International Agreement on transfer of Passenger Name Records (PNR)
The European Community and the United States signed an International Agreement on 28 May 2004 that makes possible the transfer of air passenger data to the US, under certain conditions. It entered into force with immediate effect. This agreement goes hand-in-hand with the Decision adopted two weeks ago by the European Commission, establishing the adequacy of US Bureau of Customs and Border Protection’s personal data protection.

The SWIFT case and the American Terrorist Finance Tracking Program
After the 11th September 2001 terrorist attacks, the United States Department of the Treasury ("U.S. Treasury") developed the "Terrorist Finance Tracking Program" ("TFTP"). The TFTP is based on United States statutory mandates and Executive Orders authorising the U.S. Treasury to use appropriate measures to identify, track and pursue those who provide financial support for terrorist activity.

Privacy Enhancing Technologies (PETs)
The use of Privacy Enhancing Technologies (PETs) can help to design information and communication systems and services in a way that minimises the collection and use of personal data and facilitate compliance with data protection rules. The use of PETs should result in making breaches of certain data protection rules more difficult and/or helping to detect them.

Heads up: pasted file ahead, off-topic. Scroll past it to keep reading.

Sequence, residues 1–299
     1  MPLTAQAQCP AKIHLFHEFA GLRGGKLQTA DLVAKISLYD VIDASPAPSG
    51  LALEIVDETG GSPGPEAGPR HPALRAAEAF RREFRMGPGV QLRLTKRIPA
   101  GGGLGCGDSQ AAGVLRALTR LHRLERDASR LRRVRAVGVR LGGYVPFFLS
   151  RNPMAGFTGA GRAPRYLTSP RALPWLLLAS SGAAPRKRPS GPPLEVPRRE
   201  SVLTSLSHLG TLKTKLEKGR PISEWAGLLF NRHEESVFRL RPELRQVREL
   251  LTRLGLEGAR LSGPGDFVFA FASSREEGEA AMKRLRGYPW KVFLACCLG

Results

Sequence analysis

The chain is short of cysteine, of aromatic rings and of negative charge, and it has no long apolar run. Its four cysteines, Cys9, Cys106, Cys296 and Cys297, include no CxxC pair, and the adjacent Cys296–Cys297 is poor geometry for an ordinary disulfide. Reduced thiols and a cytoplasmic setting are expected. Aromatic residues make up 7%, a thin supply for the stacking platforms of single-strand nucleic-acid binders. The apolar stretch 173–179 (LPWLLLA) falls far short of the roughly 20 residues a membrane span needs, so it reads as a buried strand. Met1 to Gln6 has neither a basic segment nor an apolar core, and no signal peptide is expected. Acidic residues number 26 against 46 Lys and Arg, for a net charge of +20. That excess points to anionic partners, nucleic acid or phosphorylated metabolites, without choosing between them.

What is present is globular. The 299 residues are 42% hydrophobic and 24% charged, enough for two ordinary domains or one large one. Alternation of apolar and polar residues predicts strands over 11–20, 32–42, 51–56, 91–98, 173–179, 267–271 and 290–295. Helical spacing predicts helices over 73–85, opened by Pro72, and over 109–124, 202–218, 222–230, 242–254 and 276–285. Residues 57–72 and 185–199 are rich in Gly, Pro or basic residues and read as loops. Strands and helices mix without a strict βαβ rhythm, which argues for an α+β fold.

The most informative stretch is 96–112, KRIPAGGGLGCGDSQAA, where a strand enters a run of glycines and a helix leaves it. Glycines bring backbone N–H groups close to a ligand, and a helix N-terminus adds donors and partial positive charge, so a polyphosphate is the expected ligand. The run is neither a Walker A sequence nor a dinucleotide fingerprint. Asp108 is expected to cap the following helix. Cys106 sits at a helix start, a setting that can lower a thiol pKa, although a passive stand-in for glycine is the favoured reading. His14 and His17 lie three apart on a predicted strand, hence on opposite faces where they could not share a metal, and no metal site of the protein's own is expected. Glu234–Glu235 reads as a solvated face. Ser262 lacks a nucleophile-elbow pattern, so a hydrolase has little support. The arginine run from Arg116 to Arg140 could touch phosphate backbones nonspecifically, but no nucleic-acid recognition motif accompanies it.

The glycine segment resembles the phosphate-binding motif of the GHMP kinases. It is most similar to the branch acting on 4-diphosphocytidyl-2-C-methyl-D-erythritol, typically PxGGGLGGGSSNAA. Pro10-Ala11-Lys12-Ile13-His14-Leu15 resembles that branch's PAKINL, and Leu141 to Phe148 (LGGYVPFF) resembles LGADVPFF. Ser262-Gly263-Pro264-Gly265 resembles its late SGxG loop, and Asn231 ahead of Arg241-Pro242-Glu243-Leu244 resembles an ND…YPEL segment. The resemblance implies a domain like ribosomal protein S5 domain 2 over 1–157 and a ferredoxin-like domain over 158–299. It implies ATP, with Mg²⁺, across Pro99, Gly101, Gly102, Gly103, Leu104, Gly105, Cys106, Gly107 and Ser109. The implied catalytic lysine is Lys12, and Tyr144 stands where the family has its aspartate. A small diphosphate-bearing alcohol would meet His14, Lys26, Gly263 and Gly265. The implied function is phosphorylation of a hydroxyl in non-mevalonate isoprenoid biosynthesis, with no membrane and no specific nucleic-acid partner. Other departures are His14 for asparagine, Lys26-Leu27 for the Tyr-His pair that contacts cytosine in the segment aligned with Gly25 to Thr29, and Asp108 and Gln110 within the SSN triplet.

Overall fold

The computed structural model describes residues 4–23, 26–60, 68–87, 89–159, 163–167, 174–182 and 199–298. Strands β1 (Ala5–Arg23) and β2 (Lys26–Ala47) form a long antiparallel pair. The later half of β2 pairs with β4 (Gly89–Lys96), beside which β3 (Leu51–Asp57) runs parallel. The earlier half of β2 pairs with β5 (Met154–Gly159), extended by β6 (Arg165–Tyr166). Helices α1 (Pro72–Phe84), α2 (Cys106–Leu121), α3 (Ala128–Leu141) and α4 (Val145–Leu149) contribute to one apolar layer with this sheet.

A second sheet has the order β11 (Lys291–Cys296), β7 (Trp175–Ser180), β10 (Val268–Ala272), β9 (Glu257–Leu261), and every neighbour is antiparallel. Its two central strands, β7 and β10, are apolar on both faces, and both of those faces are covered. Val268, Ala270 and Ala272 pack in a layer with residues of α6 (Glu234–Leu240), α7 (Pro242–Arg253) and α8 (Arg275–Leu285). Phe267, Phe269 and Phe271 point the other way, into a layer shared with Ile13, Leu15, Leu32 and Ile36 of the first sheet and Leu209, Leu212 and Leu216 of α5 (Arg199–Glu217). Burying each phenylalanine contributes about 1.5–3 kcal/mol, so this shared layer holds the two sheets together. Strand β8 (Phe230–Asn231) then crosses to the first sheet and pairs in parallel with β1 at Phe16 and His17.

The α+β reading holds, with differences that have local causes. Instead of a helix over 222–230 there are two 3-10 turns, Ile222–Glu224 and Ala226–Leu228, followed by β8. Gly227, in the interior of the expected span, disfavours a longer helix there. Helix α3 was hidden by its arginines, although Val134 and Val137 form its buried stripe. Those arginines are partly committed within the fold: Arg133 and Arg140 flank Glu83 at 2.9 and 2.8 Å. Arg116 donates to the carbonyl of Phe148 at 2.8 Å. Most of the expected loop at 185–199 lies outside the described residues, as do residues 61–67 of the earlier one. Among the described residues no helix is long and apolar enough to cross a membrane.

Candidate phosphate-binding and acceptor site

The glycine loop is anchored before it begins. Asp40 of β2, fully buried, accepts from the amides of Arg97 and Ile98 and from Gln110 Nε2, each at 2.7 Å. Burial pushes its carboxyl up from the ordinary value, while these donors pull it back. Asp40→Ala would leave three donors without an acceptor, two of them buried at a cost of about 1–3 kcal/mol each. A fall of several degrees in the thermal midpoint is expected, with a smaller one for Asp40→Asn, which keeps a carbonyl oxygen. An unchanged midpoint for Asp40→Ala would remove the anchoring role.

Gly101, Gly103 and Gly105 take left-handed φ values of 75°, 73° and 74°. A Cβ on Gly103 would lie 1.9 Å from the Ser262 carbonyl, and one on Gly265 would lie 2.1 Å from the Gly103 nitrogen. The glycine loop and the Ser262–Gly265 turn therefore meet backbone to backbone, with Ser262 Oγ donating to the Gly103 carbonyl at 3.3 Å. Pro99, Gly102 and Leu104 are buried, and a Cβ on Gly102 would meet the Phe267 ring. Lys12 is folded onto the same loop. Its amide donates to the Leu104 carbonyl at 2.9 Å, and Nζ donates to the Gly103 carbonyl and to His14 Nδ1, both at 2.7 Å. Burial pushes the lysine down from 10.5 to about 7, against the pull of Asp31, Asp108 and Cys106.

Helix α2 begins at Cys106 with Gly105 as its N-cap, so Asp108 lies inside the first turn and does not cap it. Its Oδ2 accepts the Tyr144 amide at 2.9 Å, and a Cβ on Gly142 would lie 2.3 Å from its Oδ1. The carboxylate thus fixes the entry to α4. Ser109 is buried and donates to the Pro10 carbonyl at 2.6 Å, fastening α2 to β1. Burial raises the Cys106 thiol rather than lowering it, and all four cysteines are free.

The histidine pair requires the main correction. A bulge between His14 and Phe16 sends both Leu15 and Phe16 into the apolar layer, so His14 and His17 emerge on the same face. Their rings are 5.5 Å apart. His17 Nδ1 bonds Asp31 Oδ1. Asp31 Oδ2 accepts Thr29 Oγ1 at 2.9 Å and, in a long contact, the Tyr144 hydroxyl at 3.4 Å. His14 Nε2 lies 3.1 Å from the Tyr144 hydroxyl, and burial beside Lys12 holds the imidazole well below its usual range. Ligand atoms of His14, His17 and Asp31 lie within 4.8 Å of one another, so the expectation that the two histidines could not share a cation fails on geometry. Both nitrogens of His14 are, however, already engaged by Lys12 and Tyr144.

Data protection in the EU
Concerns about personal data collection on the Internet are increasing. Developments in the European Union fo create of a frontier free Internal Market and the EU's so-called 'Information Society' have greatly increases the cross-frontier flows of personal data between Member States of the EU.

Data protection in the EU
Developments of a frontier free Internal Market and of the so called 'information society' increase the cross-frontier flows of personal data between Member States of the EU. In order to remove potential obstacles to such flows and to ensure a high level of protection within the EU, data protection legislation has been harmonised. The Commission also engages in dialogues with non-EU countries in order to insure a high level of protection when exporting personal data to those countries. It also initiates studies on the development on European and international level on the state of data protection.

Safer Internet in the EU
The EU Safer Internet plus programme aims to promote safer use of the Internet and new online technologies, particularly for children, and to fight against illegal content and content unwanted by the end-user, as part of a coherent approach by the European Union.